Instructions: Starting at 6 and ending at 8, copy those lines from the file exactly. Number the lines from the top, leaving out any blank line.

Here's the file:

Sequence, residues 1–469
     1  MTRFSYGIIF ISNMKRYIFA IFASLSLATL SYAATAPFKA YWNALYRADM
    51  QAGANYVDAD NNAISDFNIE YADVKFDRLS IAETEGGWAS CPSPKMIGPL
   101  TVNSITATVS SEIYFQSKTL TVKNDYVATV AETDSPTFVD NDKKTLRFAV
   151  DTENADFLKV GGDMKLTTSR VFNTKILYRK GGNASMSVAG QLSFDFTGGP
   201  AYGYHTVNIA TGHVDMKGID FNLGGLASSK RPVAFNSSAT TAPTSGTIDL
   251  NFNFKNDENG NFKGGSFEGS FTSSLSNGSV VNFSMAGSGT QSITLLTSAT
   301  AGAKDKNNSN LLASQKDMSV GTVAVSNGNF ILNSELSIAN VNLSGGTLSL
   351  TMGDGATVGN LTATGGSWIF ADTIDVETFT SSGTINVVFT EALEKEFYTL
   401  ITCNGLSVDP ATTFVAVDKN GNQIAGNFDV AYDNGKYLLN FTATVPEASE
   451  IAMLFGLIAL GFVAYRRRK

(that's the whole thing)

   201  AYGYHTVNIA TGHVDMKGID FNLGGLASSK RPVAFNSSAT TAPTSGTIDL
   251  NFNFKNDENG NFKGGSFEGS FTSSLSNGSV VNFSMAGSGT QSITLLTSAT
   301  AGAKDKNNSN LLASQKDMSV GTVAVSNGNF ILNSELSIAN VNLSGGTLSL